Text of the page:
Think about it this way: A language lab is really a computer lab with a few tweaks to it. If a school already has a computer room, then it’s really just a small step away from integrating the language lab. It just has to load the software and apps needed for language learning and teaching. (A school doesn’t even need to install a full-blown lab. It can start the ball rolling with some material and build from there.)
For example, to use FluentU—an online immersion platform where students learn languages with real-world videos—you only need access to a computer or tablet with Internet. (iPhones and iPads work too, by the way!)
FluentU takes authentic videos—like music videos, movie trailers, news and inspiring talks—and turns them into personalized language lessons.
As you can see, technology has made it possible for top content providers to bring your students all the benefits that only a modern language laboratory can deliver.
Say, what benefits are we talking about here?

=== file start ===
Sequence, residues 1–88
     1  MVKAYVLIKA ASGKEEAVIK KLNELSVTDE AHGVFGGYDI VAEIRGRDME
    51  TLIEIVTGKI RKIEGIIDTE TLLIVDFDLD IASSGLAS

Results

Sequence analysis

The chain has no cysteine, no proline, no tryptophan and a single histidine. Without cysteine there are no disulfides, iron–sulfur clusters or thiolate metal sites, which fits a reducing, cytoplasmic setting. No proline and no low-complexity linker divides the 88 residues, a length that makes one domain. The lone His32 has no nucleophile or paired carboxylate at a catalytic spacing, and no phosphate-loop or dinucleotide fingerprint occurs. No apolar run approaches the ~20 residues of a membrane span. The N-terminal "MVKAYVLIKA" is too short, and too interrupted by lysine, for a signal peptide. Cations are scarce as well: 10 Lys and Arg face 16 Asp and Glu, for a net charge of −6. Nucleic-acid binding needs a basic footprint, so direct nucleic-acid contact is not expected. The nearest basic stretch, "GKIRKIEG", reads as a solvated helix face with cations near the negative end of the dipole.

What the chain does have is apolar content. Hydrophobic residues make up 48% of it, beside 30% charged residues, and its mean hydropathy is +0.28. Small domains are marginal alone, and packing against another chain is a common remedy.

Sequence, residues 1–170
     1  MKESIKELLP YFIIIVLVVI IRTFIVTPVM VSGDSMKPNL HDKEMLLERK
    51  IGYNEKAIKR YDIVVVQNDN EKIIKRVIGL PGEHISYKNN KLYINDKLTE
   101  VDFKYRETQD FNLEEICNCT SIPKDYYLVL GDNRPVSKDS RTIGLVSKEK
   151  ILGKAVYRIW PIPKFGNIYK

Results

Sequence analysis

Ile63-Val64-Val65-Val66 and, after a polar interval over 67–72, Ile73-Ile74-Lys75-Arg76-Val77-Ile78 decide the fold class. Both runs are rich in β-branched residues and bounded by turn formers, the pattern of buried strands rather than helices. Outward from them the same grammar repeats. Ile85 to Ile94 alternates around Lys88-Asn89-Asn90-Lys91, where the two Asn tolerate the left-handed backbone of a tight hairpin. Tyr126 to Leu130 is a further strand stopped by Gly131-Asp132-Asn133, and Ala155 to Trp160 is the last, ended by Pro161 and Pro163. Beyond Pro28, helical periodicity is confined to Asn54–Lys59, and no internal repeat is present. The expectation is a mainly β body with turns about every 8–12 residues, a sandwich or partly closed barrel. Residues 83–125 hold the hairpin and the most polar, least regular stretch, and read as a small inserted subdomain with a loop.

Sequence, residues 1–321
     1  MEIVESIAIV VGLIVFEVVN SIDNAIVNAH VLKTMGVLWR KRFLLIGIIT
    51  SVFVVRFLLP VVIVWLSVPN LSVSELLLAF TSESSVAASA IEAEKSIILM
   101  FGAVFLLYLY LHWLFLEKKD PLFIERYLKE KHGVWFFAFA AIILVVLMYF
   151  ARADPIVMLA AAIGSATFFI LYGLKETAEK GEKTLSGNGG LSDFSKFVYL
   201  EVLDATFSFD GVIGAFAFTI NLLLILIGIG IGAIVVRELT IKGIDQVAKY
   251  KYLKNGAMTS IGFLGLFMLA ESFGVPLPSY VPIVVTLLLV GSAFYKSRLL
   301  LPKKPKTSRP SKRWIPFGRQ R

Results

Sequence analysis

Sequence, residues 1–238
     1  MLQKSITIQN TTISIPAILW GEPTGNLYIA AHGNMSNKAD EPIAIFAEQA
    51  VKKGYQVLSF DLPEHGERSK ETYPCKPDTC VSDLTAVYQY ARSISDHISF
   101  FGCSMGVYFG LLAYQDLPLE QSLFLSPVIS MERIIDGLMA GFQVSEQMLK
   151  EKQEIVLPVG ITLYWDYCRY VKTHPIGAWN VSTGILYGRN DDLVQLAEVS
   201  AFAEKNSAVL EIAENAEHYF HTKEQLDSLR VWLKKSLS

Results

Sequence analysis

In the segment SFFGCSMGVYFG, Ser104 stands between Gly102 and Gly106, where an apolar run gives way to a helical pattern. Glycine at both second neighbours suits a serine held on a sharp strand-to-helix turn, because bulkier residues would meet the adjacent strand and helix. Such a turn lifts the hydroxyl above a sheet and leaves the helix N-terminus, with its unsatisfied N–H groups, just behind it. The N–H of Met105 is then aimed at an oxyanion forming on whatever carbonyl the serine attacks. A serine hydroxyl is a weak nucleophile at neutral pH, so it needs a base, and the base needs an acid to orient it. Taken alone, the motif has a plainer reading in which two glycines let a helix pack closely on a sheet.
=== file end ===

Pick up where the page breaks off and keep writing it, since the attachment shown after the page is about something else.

The Importance of Language Labs: 5 Stellar Benefits
1. Adds Sizzle to Language Learning
Stepping inside the language lab, students feel the heightened attention and expectation—which is difficult to create inside an ordinary classroom.
A modern language laboratory has innovative and interactive activities that can enrich your classes’ learning experience. Text, images, audio and video can easily be integrated into the activities.
Games take on a new meaning. Vocabulary words are presented at a student-directed pace. With their senses amply stimulated, stronger neural creations are created. In short, the lessons become more memorable.
A teacher who spends the whole night prepping for the next day’s lesson, squatting on the floor, gluing colorful cutouts of her visual materials, would be glad to know that technology is also on her side. Because in addition to the paper cutouts that her students absolutely adore, she can pack an even stronger punch by combining her handmade materials to the interactive activities provided by a language app, for example. Imagine the synergizing effect of having all these elements aligned.
It all boils down to a fuller, richer lesson.
Students get the best of both worlds. (What a treat!) They’ll certainly count themselves blessed for having a teacher who has all the bases covered.